In lieu of an abstract, here is a brief excerpt of the content:

4 M oving f r o m Others ’ Values to Our Own Adapting Assessable Outcomes from Professional Organizations and Other Programs on Your Campus Ellen Schendel In chapter 2, Bill outlined a process for generating assessable student learning and programmatic outcomes based on your writing center’s values and goals. The steps he described and illustrated were: 1. Articulate the values or goals for your center’s work. 2. Develop indicators that are expressions of those values and goals. 3. Construct measures that assess those values and goals. 4. Collect data. 5. Analyze data. 6. Complete the feedback loop by applying what you learned from the data to your center’s work. This process is rooted in serious, deliberate reflection on the work of your writing center to discover and articulate what is most valued and to pose questions that reveal your greatest concerns regarding your center ’s work. Only then can you begin the long-term, recursive work of collecting and analyzing evidence, recognizing and confirming your writing center’s strengths, communicating that story of your center’s work to others, and shaping new programming. Moving from values to outcomes is essential to achieving what Brian Huot calls for in (Re)Articulating Writing Assessment for Teaching and Learning: an understanding of how our assessment practices can (and should) align with the theories, research, and best practices of teaching writing—and, we’d add, the tutoring of writing. After all, Moving from Others’ Values to Our Own    83 assessment will only be meaningful to the center’s work, our campus communities, and the tutors with whom we work if it addresses the issues that they (and you) care so deeply about: Do writing center consultations help build better writers and better writing? And how do you define “better writers” and “better writing”? How will you know those things when you see them? Are tutors adequately prepared to do the work your center requires? Do the various services and programs offered through your center have the positive impact on students, learning, and perhaps teaching and curriculum that you intend? What should you be doing differently? A tricky aspect of assessment, however, is that it must satisfy two somewhat competing purposes: first and foremost, the assessments you do need to be rooted in your values so that they are useful to you. They must pursue the questions you care about answering and that help you to move the writing center in the direction you’ve identified is most impactful on your campus. However, assessment reports are read by others , and the data you collect and analyze may be used in decision making about resource allocation by administrators and perhaps even faculty governance. Therefore, the assessment must begin with your values but still resonate with people who are not “insiders” to writing center scholarship and best practices and who may not approach the reading of your assessment report already convinced of the writing center’s value. This political reality of assessment is something to keep in mind early on, as you craft outcomes that drive your plan for collecting data—and ultimately the report you distribute. The rest of this chapter describes how you might map the writing center ’s values onto larger conversations about writing and higher education that enable you to show the links between the writing center’s and your institution’s goals to educate and support students. An important caveat, however: it is only after articulating the values of your writing center as described in chapter 1 that it makes sense to map those values onto outcomes and best practices from outside of your center. Your center’s assessment plan must be built upon the bedrock of what you believe to be important and worth investigating via data collection . An equally important caveat: seeing the potential in linking your assessment to outcomes and assessments outside your center requires an open mind and a collaborative stance—and sometimes, a bit more effort. What you stand to gain, however, is profound—both in how others view your center and in the way your center realizes its potential. 84    BUILDING WRITING CENTER ASSESSMENTS THAT MATTER Merging Conte xts: W riting C enter Values and Institutio nal Realities Most writing centers are located in educational institutions, within a landscape that is changing rapidly. State funding to public and private institutions is waning; the recent economic downturn has challenged private institutions’ endowments; programs and personnel are being cut or reappropriated—all while the government...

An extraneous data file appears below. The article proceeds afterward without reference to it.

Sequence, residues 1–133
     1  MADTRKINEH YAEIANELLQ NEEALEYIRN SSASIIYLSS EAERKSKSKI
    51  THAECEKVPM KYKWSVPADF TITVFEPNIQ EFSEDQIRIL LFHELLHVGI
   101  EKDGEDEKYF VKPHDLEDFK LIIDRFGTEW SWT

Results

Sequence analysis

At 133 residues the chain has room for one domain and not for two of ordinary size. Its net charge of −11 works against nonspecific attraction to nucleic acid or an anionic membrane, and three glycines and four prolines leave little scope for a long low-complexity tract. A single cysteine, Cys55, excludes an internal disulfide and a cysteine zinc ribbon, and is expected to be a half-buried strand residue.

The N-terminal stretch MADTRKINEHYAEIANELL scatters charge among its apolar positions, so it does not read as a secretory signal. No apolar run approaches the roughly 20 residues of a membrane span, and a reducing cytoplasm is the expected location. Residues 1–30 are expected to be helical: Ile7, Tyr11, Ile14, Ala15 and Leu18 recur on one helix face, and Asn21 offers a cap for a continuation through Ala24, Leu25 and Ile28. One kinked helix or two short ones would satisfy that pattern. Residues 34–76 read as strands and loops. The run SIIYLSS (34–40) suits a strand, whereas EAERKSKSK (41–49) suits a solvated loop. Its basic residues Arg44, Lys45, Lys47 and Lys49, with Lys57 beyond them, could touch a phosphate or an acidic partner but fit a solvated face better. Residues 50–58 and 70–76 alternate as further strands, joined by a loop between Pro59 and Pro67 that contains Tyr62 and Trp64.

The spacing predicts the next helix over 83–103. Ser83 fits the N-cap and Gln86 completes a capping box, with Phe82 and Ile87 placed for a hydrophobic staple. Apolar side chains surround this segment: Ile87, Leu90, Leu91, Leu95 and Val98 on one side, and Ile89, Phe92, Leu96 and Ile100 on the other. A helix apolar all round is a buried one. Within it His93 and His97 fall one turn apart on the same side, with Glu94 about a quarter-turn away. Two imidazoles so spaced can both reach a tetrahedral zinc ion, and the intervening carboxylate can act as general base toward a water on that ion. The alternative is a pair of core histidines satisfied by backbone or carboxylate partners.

Additional Information

Related ISBN
MARC Record
Launched on MUSE
Open Access
Back To Top

This website uses cookies to ensure you get the best experience on our website. Without cookies your experience may not be seamless.